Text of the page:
DUZENBURY, WYATT E.Citation:The President of the United States takes pleasure in presenting the Silver Star Medal to Wyatt E. Duzenbury, Staff Sergeant, U.S. Army Air Force, for gallantry in action while engaged in aerial flight against the Japanese Empire on 6 August 1945. Staff Sergeant Duzenbury was the Flight Engineer for a combat crew of the B-29 aircraft of the 393d Bombardment Squadron, 509th Composite Group, TWENTIETH Air Force, which flew from a base in the Marianas Islands to drop on the city of Hiroshima, Japan, the first atomic bomb to be used in warfare. Flying 1500 miles over open water to the coast of Japan, they manned their assigned positions and crossed the island of Shikoku and the Inland Sea. They constantly faced the danger of being hit by anti-aircraft fire, enemy fighters, or suffering mechanical or other failures which would intensify the risks of carrying this powerful missile. Throughout the mission the element of hazard from the unknown prevailed, for this was the first time that this bomb, much more destructive than any other in existence, had been dropped from an airplane. The effect it would have on the airplane and these crew members was only to be estimated. Shortly after 0900 they brought the plane in over the city, and at 0915 the bomb release was pressed. The bomb cleared, and fell toward the planned objective. They then headed from the area and, despite a minor effect from the detonation, returned safely to their home base. By their courage and skillful performance of duty achieved in outstanding fashion despite the dangers involved in accomplishment of this historic mission, these individuals distinguished themselves by extraordinary achievement and reflect great credit on themselves and the Army Air Forces.Headquarters, 20th Air Force, General Orders Number 69 (September 22, 1945)


FEREBEE, THOMAS W.Citation:The President of the United States takes pleasure in presenting the Silver Star Medal to Thomas W. Ferebee (0-543490), Major (Air Corps), U.S. Army Air Force, for gallantry in action while engaged in aerial flight against the Japanese Empire on 6 August 1945. Major Ferebee was the Bombardier for a combat crew of the B-29 aircraft of the 393d Bombardment Squadron, 509th Composite Group, TWENTIETH Air Force, which flew from a base in the Marianas Islands to drop on the city of Hiroshima, Japan, the first atomic bomb to be used in warfare. Flying 1500 miles over open water to the coast of Japan, they manned their assigned positions and crossed the island of Shikoku and the Inland Sea. They constantly faced the danger of being hit by anti-aircraft fire, enemy fighters, or suffering mechanical or other failures which would intensify the risks of carrying this powerful missile. Throughout the mission the element of hazard from the unknown prevailed, for this was the first time that this bomb, much more destructive than any other in existence, had been dropped from an airplane. The effect it would have on the airplane and these crew members was only to be estimated. Shortly after 0900 they brought the plane in over the city, and at 0915 the bomb release was pressed. The bomb cleared, and fell toward the planned objective. They then headed from the area and, despite a minor effect from the detonation, returned safely to their home base. By their courage and skillful performance of duty achieved in outstanding fashion despite the dangers involved in accomplishment of this historic mission, these individuals distinguished themselves by extraordinary achievement and reflect great credit on themselves and the Army Air Forces.Headquarters, 20th Air Force, General Orders Number 69 (September 22, 1945)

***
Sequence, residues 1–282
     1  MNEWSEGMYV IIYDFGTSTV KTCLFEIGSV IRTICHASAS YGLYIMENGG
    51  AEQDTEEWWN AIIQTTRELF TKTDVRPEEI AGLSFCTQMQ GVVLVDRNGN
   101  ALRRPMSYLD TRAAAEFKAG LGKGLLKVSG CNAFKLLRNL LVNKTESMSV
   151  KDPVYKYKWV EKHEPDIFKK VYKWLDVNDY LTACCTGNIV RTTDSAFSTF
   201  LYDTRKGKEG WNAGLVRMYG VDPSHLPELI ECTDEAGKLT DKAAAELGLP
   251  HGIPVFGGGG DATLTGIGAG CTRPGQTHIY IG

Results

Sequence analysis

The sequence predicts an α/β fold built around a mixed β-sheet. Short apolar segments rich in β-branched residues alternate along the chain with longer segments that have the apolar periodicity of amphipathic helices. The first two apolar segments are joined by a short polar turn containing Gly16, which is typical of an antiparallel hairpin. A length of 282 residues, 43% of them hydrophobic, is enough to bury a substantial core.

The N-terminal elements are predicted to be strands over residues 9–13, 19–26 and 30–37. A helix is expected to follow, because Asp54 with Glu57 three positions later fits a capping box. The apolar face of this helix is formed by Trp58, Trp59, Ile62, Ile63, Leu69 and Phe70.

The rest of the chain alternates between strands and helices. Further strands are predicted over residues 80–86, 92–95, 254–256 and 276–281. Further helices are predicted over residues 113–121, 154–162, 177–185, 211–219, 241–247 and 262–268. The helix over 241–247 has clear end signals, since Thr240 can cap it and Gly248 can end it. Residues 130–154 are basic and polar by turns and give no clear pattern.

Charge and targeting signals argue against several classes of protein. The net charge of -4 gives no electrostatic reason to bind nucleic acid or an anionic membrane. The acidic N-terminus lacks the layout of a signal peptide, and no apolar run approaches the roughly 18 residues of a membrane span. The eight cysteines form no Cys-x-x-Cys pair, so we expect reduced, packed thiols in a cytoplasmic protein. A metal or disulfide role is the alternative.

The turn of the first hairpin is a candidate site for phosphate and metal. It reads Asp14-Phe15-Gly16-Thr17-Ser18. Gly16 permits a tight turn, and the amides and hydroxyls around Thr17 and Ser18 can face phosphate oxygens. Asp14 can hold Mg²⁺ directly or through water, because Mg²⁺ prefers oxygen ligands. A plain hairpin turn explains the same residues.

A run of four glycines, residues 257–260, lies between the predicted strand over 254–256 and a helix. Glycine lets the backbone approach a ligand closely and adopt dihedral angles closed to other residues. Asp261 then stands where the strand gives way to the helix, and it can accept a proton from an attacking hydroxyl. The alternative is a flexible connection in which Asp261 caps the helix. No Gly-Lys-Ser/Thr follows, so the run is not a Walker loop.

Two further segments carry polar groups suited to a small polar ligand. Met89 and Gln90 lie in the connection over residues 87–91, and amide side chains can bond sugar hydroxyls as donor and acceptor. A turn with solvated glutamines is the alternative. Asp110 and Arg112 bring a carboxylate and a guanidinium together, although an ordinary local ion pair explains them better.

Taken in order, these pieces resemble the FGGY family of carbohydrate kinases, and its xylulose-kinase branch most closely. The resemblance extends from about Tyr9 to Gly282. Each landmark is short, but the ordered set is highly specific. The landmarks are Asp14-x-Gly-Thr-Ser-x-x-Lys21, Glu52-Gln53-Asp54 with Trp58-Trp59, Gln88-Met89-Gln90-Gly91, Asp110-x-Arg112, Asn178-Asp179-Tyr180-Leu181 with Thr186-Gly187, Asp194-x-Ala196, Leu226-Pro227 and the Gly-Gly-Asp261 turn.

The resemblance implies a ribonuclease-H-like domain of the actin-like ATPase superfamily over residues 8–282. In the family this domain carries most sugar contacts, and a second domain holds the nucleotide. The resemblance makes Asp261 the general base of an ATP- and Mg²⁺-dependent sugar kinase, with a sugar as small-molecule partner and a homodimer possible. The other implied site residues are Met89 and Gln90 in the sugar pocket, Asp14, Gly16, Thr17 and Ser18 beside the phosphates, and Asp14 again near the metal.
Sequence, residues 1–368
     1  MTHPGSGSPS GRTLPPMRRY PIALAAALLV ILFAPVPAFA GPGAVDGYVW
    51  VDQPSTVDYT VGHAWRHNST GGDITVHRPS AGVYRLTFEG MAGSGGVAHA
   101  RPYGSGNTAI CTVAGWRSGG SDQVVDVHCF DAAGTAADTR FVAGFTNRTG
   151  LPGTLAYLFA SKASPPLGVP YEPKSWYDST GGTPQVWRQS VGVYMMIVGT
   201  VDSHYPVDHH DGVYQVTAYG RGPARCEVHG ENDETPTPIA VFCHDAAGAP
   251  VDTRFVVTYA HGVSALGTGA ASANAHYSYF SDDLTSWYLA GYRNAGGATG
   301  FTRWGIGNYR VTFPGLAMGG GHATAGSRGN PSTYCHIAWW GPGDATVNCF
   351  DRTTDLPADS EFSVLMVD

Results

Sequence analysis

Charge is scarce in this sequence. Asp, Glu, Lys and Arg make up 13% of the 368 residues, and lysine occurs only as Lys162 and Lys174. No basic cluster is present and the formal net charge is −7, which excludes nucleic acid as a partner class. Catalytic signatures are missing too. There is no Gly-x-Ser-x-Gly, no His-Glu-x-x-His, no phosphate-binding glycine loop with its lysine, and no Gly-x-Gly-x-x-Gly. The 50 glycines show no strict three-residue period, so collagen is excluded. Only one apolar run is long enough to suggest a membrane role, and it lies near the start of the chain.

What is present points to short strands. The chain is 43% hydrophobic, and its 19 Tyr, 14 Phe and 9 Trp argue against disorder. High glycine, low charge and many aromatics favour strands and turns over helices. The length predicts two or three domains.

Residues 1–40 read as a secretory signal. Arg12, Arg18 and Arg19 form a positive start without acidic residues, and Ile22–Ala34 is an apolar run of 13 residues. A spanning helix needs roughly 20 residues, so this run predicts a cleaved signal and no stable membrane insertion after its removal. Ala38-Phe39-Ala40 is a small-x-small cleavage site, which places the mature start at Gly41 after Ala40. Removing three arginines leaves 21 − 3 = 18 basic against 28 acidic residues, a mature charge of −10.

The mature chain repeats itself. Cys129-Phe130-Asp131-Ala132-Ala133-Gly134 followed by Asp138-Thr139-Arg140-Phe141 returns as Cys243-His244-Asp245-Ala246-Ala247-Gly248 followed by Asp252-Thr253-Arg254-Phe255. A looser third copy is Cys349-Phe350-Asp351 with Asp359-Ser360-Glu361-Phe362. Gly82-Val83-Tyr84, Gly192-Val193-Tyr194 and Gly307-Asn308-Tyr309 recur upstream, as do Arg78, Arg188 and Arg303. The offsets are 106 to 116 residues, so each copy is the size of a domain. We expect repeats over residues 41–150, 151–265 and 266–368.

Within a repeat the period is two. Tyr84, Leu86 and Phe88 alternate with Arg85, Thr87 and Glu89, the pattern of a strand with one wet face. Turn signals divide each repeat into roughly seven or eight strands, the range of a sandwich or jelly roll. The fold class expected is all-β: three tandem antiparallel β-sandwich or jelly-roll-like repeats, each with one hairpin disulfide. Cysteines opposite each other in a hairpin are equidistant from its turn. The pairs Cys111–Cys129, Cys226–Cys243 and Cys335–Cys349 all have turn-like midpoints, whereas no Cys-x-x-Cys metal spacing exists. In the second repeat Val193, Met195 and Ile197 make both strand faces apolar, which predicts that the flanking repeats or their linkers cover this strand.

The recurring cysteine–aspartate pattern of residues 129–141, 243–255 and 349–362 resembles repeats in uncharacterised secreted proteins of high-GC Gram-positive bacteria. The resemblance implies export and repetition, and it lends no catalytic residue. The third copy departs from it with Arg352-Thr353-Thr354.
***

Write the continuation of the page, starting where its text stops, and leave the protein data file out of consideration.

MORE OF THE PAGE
JEPPSON, MARRIS R.Citation:The President of the United States takes pleasure in presenting the Silver Star Medal to Marris R. Jeppson, Second Lieutenant (Air Corps), U.S. Army Air Force, for gallantry in action while engaged in aerial flight against the Japanese Empire on 6 August 1945. Second Lieutenant Jeppson was the Electronics Officer for a combat crew of the B-29 aircraft of the 393d Bombardment Squadron, 509th Composite Group, TWENTIETH Air Force, which flew from a base in the Marianas Islands to drop on the city of Hiroshima, Japan, the first atomic bomb to be used in warfare. Flying 1500 miles over open water to the coast of Japan, they manned their assigned positions and crossed the island of Shikoku and the Inland Sea. They constantly faced the danger of being hit by anti-aircraft fire, enemy fighters, or suffering mechanical or other failures which would intensify the risks of carrying this powerful missile. Throughout the mission the element of hazard from the unknown prevailed, for this was the first time that this bomb, much more destructive than any other in existence, had been dropped from an airplane. The effect it would have on the airplane and these crew members was only to be estimated. Shortly after 0900 they brought the plane in over the city, and at 0915 the bomb release was pressed. The bomb cleared, and fell toward the planned objective. They then headed from the area and, despite a minor effect from the detonation, returned safely to their home base. By their courage and skillful performance of duty achieved in outstanding fashion despite the dangers involved in accomplishment of this historic mission, these individuals distinguished themselves by extraordinary achievement and reflect great credit on themselves and the Army Air Forces.Headquarters, 20th Air Force, General Orders Number 69 (September 22, 1945) 041b061a72